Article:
Most people love money. This isn’t usually debatable. It is why people all over the world will gamble even though the odds are against them, and casinos who eventually almost always win. People also want a quick unearned bonus from playing the lottery, although the probability of winning is nearly impossible. You’re better off giving that money to the poor, or to charity…at least it will do some good rather than making the casinos richer. There will always be the question as to whether money will buy or bring happiness. Some people who meditate on this may say that it does not buy happiness, while those who are brash and realistic about life say money does. Considering we hear timeless stories and articles about many rich and famous people in Hollywood with loads of money who also do drugs, or get divorced, are depressed alcoholics…money doesn’t always correlate to happiness. Some wonder why they partake in such activities given they have all the money in the world to do anything they want, yet they pursue activities that will leave them miserable, or even broke in some cases (e.g. divorces). It is true, money may put you in a better position to have a better life and be happy. Therefore, indirectly, it may bring happiness…or at least comfort and contentment so that you don’t have to worry about not having the things in your life that will bring some joy such as a nice house, car, education for your kids, and so on. Although the definition of happiness differs from one person to the next, most of us will agree that having money will make life a lot easier.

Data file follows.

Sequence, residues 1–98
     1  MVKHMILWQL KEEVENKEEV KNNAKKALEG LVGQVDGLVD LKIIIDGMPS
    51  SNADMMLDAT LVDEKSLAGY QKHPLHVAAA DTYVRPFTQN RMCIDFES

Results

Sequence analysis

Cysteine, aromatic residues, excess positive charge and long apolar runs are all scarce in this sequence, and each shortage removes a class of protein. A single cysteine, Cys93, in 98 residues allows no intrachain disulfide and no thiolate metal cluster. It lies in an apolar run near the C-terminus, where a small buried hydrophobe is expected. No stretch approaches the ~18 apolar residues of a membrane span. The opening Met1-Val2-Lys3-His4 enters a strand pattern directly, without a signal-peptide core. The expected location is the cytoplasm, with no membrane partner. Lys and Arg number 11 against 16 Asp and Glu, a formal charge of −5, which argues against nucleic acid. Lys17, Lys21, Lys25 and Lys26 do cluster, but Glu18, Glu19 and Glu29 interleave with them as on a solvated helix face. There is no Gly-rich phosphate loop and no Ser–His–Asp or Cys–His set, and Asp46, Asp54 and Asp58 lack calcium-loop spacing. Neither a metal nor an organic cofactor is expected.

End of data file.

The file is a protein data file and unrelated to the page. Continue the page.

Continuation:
For those of us who are pursuing a profession in pharmacy simply for the rewards it may bring (e.g. money), you should probably think it over. Although a pharmacists’ salary isn’t relatively bad in the United States, it isn’t like you won the lottery, or will get rich. This assumes you can even get a job after graduation, and can hold onto it. This also assumes you will save more than you spend, and you keep your expenses and debt low. With good money management, a pharmacists’ salary can provide a good living while providing the most essential things in life such as supporting a family. It may not provide you with the spending capital required to buy a yacht, or the freedom to travel on first-class to exotic locations, and staying in fancy hotels many times a year without going broke. However, there are things a pharmacist, or anyone with a decent paying job can do to stretch out those extra dollars. For example, using a cost of living calculator comparison tool such as the one here, you’ll notice your buying power in one city may be a lot different when living in another city in the United States. For example, let’s say you earn $100,000 per year in St. Louis, Missouri. According to this calculator, you’ll need to earn around $187,648 in San Francisco, California to have the same buying power. This is because home prices, gas, taxes, insurance, and many other products and services will cost a lot more in San Francisco. If you decide to move from St. Louis to San Francisco and do not get an offer of much more than $100,000, you’ll probably lose money compared to living in St. Louis because you’ll need more capital to live the same way. Lets look at another example. Say you want to move from Dallas, Texas to New York City, New York. If you make $100,000 in Dallas, you would need around $234,232 in New York City (Manhattan) to have the same lifestyle. Therefore, where you live and how much you earn in those cities may indicate the amount of cash you can save. Cities and states in the United States will have different levels of expenses such as the various tax rates (income, business, property, sales, etc), insurance costs, interest rates, mortgage/rent pricing, etc. Obviously, living in a low cost of living area will allow you to save more money for the same products and services, thereby “showing you the money” a lot quicker. Of course if you spend more than you save, you’ll have no money regardless of where you live. Therefore, although a pharmacists’ salary after taxes and other deductions may not make you rich…saving money over a long period of time could make you well-off, or at least comfortable enough to not worry about bills as much. Living in a cheap area will quicken the savings…although some people prefer to live in the expensive big cities due to the fact that it may have more to offer than a less populated small town. They may not correlate money with happiness, but more happiness from life experiences instead.